A Tight Grip
Joseph Hobby • March 1, 2016 • Lifestyle •
“No expectations.” I continue to recite this mantra.
“No expectations.” Two words, so simple, yet so hard to put into motion. The expectations I place on myself to perform a certain way no matter the occasion: climbing, writing, succeeding as a family man, boyfriend, mentor, provider. The list goes on. I had no idea the immediate life lessons that would ensue. On the one hand, with no expectations, I lose all standards and motivation to strive to achieve the most from life. On the other, society’s influence diverts me from embodying my desires and sharing from the heart. The characteristic Yin and Yang side of the many methods for taking on life. Balance and moderation, this is the key. Overcoming the fear of failure, this is the true end goal! And so I begin setting worries and stress aside, writing from the soul.
FEAR, a four letter word that holds more weight than the semi-truck that just swerved into my lane on the interstate. It comes in thousands of different forms and I, unfortunately, am all too familiar with many of them. From my first day of school with early morning stomach jitters, to the ‘cholesterol-rising hopes’ of a professional career, freedom in the mountains, self-sustaining salary and loving family. Life is scary and fear has a tight hold on the reins for most of its duration. At times the solution seems easy to cope with life’s trials and tribulations: shutdown, hole up in a warm house with a cozy blanket, and upon my next awakening hope for blue skies, roses and rainbows.
We all know that’s not the way the world works. Opportunities arise, challenges bring everyday life to a halt, and forks in the road call for decisions that have to be made. My younger years have been an era of trial and error; a continual flow of knowledge based on a better understanding of myself and my interactions with the world. With this education and heightened awareness, I’ve had to make many choices. New people, new places and simply new experiences cause those dreaded uncomfortable feelings to surface. I am in a constant flux. One month conditioned to dangling 800 feet up on a vast granite face, yet fearful of addressing an unfamiliar audience. And the next, after dedicating some time to work and society, pouring sweat reminiscing on past climbing objectives, but eager to make acquaintances with a total stranger. And this applies to all areas of my life, regardless of the lapse. So questions of fear arise: Do I stay or do I go? Should I resist change? Can I stand up to the challenge? Will I be alright? What will they think? Is the world going to take care of me? And this internal ramble continues on and on if I allow it.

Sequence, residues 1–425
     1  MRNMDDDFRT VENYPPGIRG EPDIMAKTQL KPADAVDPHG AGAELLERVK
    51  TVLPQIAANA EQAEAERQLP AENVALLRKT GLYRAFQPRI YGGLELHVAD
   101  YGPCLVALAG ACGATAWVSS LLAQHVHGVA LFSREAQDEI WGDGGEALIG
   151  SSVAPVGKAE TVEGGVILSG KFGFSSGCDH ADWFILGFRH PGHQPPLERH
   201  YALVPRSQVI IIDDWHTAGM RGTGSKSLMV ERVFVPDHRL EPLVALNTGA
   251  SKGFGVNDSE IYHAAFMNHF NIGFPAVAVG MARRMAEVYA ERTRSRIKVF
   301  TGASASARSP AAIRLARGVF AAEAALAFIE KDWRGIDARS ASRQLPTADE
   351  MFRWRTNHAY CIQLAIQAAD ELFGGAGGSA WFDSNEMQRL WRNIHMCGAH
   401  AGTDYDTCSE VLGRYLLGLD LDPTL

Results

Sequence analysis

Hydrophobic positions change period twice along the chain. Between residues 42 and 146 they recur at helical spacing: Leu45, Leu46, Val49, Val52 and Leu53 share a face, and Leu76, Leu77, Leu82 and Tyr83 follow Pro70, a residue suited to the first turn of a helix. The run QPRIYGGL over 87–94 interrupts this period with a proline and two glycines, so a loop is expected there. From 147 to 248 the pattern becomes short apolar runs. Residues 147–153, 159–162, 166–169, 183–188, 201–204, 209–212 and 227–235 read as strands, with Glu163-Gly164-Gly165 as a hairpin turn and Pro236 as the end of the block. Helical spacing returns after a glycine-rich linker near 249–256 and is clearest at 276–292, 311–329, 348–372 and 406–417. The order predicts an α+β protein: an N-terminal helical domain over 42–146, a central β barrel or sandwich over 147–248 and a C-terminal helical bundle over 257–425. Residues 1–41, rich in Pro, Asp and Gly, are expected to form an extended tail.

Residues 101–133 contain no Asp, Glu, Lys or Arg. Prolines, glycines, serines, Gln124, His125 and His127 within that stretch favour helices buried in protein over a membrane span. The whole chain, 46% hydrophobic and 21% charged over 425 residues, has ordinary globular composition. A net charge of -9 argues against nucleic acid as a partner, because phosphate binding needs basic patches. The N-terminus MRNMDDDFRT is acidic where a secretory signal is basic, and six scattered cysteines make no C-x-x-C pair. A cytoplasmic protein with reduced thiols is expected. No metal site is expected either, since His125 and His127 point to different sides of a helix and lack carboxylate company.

As William Arthur Ward said, “But risks must be taken because the greatest hazard in life is to risk nothing. The person who risks nothing, does nothing, has nothing, is nothing. He may avoid suffering and sorrow, but he cannot learn, feel, change, grow or live. Chained by his servitude he is a slave who has forfeited all freedom. Only a person who risks is free. The pessimist complains about the wind; the optimist expects it to change; and the realist adjusts the sails.”
These questions are a glimpse into the challenges that I’ve faced, and am currently confronted with each day. Neither, giving into fear, turning my back on opportunities and growth, nor naively diving head first into every situation resulting in potential heartache and pain, deliver the answer I yearn for.
Both of these extreme views present issues, yet finding balance and examining what’s at stake, that’s what calls for my focus today. Because in the end, I long to experience the most out of life, and that requires ‘letting go’, having faith and stepping out on the world’s steepest ledge.
Photography by Joseph HobbyWild Paths